Many Autistic People Don’t Like the Sound of Our Names

Meme of Beyonce standing on stage holding a microphone with text reading, "(Please don't)...Say my name, say my name."

If you’re not familiar with the song, Destiny’s Child has a song called “Say My Name”, and I’m using this meme to make a joke about how, according to a poll I did, most neurodiverse people do NOT like repetitive use of their names! So, unlike Beyonce…who appears to really want someone to say her name in the song, please DON’T say our names. lol!

Let me tell you why it bothers me, and I’ll let other ND folks chime in with their thoughts and feelings.

If you need to get my attention, “Hey, Jaime” or something similar is fine. But, if you use my name more than once or, God forbid, several times in a conversation with me, I will get increasingly uncomfortable and upset.

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The best way to improve communication with your autistic loved one is to understand how your autistic loved one’s mind works! Intentions, motivations, and personal expressions (facial expressions or lack thereof, body language, etc.), are often quite different in autistic people than they are in neurotypical people.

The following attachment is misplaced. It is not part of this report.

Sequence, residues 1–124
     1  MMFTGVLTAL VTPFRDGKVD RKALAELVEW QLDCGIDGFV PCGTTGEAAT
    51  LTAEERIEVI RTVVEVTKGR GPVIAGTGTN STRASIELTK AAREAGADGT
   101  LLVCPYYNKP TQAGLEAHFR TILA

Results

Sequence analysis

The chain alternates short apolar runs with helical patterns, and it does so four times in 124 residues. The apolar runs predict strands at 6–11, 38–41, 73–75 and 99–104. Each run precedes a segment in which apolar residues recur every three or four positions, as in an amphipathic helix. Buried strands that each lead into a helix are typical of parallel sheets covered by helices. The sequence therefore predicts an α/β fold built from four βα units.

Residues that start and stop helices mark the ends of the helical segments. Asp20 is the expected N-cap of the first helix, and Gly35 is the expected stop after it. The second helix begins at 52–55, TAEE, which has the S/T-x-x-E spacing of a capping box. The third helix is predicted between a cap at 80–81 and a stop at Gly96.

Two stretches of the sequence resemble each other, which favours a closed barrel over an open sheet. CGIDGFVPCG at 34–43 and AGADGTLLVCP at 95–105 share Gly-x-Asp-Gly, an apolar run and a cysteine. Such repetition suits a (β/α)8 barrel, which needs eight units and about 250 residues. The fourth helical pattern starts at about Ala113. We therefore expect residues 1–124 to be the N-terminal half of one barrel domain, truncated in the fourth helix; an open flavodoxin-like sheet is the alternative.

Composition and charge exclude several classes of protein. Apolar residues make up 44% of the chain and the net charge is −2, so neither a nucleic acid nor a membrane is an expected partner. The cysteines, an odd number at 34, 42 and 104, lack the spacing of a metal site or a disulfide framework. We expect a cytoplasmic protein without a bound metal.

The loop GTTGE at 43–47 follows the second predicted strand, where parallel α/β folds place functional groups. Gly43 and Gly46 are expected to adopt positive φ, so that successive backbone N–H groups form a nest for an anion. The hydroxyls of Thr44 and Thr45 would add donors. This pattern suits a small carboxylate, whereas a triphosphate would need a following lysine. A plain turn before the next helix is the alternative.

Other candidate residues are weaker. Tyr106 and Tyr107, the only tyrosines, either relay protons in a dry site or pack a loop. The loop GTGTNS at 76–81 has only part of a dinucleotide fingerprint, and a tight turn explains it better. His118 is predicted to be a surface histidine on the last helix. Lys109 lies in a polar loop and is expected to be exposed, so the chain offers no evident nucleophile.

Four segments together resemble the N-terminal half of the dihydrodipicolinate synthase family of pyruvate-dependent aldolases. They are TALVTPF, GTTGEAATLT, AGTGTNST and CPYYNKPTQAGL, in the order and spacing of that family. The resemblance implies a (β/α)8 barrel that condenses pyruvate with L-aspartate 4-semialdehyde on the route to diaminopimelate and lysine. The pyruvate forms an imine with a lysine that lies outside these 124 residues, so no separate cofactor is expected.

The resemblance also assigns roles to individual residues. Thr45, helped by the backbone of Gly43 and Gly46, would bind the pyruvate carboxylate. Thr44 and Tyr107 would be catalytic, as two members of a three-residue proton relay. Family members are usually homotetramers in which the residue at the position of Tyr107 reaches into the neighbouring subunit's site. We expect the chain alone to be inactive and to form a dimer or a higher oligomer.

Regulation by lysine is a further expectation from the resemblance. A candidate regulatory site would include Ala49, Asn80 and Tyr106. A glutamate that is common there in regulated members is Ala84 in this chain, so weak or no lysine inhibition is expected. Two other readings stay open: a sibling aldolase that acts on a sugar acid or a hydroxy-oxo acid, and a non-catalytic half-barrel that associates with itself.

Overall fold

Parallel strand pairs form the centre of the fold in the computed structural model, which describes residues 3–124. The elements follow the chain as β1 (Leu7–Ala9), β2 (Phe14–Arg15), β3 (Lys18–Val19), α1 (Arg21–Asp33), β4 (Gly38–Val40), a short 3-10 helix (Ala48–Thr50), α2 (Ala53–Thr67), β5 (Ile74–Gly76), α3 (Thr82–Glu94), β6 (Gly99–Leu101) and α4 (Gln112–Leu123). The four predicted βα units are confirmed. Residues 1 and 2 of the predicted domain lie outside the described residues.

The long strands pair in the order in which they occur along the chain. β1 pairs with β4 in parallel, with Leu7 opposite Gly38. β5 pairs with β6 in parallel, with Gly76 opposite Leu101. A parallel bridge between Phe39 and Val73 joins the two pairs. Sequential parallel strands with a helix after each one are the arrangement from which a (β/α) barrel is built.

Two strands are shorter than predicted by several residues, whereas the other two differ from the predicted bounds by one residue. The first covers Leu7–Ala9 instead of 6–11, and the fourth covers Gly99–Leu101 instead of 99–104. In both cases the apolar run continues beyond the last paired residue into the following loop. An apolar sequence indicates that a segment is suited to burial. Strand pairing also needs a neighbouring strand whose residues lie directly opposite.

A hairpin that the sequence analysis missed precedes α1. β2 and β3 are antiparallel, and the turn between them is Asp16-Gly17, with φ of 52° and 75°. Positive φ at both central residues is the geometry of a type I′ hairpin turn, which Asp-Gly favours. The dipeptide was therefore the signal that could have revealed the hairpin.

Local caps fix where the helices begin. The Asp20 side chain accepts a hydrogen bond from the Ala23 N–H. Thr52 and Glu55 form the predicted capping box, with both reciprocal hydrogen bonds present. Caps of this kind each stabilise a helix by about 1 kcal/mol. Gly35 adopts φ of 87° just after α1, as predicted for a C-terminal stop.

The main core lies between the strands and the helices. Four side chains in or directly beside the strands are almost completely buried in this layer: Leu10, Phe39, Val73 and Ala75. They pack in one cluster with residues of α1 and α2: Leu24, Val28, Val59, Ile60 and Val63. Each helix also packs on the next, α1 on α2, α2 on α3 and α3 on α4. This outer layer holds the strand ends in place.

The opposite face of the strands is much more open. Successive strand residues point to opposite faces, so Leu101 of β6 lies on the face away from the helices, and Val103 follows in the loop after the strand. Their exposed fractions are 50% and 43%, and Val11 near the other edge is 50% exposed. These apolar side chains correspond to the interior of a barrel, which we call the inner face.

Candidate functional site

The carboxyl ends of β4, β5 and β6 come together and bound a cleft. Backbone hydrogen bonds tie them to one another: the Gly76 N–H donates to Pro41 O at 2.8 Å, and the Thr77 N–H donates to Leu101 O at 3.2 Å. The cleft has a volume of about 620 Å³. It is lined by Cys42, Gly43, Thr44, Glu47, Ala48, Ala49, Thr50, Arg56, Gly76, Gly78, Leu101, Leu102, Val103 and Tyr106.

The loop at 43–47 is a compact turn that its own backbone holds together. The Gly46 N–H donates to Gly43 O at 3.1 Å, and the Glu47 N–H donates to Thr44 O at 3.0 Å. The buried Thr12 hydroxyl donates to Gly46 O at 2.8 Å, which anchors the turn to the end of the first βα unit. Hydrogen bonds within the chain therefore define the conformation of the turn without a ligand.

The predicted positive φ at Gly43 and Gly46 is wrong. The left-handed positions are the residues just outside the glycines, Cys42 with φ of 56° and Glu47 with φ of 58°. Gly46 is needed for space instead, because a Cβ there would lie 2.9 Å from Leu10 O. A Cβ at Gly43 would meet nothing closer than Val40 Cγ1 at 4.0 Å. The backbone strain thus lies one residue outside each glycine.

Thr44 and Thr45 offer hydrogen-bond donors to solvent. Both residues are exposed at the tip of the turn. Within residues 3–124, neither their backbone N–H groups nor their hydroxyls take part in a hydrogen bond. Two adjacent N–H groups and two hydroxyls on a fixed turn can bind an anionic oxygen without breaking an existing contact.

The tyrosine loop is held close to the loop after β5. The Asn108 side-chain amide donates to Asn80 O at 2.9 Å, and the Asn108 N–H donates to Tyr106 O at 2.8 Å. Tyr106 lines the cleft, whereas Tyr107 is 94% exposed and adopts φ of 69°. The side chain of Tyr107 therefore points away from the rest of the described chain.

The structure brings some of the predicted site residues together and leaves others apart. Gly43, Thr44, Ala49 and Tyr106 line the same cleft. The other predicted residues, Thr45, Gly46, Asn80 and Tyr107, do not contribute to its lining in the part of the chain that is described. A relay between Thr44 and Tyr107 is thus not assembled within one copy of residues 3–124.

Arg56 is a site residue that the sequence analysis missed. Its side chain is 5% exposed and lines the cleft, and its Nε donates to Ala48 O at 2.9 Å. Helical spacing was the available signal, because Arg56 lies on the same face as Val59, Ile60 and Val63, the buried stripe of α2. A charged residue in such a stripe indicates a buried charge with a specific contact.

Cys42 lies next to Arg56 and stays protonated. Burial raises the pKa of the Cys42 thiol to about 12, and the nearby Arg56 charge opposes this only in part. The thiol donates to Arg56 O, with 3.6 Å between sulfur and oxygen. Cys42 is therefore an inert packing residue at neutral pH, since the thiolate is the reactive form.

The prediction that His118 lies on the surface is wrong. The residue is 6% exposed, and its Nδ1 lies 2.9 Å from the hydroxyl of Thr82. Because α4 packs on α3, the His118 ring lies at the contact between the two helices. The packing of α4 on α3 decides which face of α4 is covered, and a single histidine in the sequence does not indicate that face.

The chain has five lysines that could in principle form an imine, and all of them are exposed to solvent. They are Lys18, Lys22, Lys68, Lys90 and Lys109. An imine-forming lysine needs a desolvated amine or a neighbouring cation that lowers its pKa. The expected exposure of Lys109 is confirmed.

Experience a better understanding of your autistic loved one by reading books about life from an autistic perspective as well as stories that feature autistic characters. You’ll have so many “Ah ha!” moments and start seeing your autistic loved one in a different light (and you’ll have a better understanding of their behaviors, which you may have been misinterpreting up until now).

Books I recommend for a better understanding of your autistic loved one:



I usually won’t show it on the outside, but, inside, I’m seething. I can’t even hear what you’re saying anymore.

Hearing my name sounds like an admonishment almost automatically. Very few people can say it without me inwardly cringing.

Also, I don’t really identify with my name. It sounds weird, I guess, but my name doesn’t feel like “me”. It never has. Then again, there’s no other name I prefer, either.

Plus, hearing my name said repeatedly sounds like an attempt at forced familiarity, which immediately puts me on the defensive. I read that as very insincere and maybe even potentially threatening.

I don’t know how else to explain it, and, before you ask, no, it’s not self-hatred. I do love myself dearly, although it took a LONG time for me to get to this point.

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1 Response

  1. August 3, 2019

    […] Many ND people just don’t feel connected to their names and, therefore, don’t respond to them because it just blends into the rest of the background noise. […]

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